What are compensatory damages after a contract breach?

| Dec 22, 2017 | business & civil litigation

A breach of contract can be frustrating and expensive; for business owners, it can also have a ripple effect as it makes it impossible to fill orders, business is lost and the company’s reputation suffers.

To make up for it, many people seek out compensatory damages after the breach. In fact, legal experts note that these damages are the single most common legal remedy that is sought. They help to even things out so that the job still gets done and does not cost the person any more than they originally intended and expected to pay. They still get what the contract promised, though other sources may be more expensive.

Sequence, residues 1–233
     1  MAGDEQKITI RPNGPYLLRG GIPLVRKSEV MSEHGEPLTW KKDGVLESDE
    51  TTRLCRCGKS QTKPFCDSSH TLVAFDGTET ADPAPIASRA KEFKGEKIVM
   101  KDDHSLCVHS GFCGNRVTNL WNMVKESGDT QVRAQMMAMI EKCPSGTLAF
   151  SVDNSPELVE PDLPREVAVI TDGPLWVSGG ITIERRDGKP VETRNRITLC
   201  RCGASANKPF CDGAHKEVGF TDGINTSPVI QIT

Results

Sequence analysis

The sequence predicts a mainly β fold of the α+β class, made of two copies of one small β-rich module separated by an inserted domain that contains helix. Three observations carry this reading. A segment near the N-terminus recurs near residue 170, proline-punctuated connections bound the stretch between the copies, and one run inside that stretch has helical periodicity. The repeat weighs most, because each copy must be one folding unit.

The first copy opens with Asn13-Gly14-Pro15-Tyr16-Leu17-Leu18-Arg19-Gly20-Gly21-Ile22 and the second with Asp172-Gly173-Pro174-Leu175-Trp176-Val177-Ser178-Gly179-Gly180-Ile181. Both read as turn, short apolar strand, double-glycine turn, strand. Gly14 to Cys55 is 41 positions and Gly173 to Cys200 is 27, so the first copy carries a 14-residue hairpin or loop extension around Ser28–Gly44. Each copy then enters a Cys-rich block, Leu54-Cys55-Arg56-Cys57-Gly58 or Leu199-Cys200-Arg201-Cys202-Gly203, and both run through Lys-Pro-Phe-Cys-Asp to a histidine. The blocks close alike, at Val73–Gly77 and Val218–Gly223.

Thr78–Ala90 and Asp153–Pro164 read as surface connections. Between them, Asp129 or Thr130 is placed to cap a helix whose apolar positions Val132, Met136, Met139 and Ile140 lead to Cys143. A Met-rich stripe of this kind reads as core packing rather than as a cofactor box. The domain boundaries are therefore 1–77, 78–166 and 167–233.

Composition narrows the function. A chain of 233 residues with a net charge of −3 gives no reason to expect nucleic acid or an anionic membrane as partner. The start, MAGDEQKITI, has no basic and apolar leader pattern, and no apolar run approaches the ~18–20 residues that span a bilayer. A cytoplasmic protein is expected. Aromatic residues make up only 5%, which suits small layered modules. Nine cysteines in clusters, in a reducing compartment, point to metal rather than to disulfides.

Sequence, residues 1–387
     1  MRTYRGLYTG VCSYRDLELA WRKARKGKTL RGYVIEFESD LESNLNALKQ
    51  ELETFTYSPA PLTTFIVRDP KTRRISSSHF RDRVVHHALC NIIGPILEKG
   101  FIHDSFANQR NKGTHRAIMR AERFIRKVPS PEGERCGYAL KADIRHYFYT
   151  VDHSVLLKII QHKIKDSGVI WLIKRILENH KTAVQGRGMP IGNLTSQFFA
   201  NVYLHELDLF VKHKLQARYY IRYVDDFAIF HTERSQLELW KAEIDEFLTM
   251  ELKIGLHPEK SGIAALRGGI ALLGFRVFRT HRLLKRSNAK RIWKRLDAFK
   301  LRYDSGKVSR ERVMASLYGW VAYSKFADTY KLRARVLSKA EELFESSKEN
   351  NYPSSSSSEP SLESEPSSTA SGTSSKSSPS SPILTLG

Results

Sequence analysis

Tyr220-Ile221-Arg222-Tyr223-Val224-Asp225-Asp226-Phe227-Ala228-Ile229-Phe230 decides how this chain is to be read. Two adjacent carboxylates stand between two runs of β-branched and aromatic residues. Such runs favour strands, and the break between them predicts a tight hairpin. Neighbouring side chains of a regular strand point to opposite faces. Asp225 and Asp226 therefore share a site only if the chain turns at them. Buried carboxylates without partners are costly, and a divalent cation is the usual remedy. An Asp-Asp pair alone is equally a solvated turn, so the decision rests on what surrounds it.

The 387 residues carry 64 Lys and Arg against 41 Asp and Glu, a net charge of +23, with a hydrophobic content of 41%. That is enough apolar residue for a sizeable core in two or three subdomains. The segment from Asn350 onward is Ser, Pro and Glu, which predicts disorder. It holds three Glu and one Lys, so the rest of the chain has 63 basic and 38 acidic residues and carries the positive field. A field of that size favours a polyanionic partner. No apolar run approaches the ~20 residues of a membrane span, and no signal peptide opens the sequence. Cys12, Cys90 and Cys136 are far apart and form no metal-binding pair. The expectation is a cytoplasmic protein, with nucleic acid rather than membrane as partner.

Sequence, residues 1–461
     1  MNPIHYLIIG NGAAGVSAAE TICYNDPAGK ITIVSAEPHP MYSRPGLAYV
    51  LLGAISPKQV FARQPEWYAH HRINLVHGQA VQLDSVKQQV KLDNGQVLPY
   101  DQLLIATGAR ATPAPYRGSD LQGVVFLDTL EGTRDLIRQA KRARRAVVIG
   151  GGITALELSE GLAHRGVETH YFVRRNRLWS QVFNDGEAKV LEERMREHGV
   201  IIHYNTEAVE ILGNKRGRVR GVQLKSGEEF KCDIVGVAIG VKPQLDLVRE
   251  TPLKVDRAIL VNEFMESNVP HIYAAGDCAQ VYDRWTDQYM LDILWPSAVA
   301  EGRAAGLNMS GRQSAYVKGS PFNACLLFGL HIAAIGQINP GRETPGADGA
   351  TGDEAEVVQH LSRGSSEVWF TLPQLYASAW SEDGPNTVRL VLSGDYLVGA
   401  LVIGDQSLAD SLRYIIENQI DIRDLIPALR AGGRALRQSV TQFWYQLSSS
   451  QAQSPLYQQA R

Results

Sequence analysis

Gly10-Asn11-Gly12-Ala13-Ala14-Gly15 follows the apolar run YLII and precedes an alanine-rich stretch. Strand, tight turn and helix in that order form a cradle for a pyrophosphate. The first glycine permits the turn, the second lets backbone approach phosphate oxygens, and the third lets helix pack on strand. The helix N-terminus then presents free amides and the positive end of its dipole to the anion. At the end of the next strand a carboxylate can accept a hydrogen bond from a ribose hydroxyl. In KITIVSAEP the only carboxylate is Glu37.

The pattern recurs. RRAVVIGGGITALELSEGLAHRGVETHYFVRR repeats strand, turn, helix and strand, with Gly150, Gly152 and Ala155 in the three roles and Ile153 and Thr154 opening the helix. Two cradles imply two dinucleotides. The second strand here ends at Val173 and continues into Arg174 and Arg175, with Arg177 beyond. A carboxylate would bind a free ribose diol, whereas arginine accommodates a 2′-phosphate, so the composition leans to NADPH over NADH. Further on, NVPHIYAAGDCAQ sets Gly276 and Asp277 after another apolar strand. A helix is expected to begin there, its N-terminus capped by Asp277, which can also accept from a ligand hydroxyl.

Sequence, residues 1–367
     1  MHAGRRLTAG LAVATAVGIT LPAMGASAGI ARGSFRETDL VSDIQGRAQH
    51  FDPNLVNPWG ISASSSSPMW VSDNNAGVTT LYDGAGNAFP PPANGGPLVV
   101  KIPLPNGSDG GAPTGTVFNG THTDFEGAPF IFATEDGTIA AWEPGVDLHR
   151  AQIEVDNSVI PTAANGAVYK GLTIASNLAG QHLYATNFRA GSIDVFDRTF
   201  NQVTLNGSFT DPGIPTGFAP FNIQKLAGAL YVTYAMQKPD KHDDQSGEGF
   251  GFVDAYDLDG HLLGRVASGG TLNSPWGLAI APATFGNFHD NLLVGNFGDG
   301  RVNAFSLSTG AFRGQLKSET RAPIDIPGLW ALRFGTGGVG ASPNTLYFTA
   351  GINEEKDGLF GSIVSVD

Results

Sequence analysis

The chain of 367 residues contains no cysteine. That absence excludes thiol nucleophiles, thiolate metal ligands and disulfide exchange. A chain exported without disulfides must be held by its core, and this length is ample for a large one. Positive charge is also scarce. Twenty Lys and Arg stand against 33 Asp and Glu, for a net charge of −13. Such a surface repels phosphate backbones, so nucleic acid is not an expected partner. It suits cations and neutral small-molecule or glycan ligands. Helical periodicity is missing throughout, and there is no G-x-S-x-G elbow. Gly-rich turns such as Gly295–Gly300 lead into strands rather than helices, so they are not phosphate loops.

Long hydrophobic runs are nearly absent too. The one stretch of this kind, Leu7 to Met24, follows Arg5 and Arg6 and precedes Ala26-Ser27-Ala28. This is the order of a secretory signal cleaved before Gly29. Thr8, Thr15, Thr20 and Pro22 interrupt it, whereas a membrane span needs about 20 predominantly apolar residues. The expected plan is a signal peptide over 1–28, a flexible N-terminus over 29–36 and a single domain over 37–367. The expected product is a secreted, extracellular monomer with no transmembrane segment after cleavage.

For instance, maybe you’re a business owner and you needed to add an addition onto a store for a new product line. You hired a contractor to do the job for $80,000, which you then paid up front. You expected the job to start the following week.

The contractor never showed up. After a month of trying to get in touch with the company and getting excuses about how busy they were, you gave up. You hired another contractor, but most of your quotes were about $125,000. You finally found someone to do the job for $100,000.

The compensatory damages would then require the other contractor to pay you that $100,000. It makes up for the $80,000 you already paid, giving you your money back, and it also covers the additional $20,000 that you had to pay when you hired a new company. You still get the addition for $80,000, just as that first contract specified.

When a contract is breached, make sure you know all of the legal options you have to seek proper compensation.

Source: FindLaw, “What Is the Most Common Legal Remedy for a Breach of Contract?,” accessed Dec. 22, 2017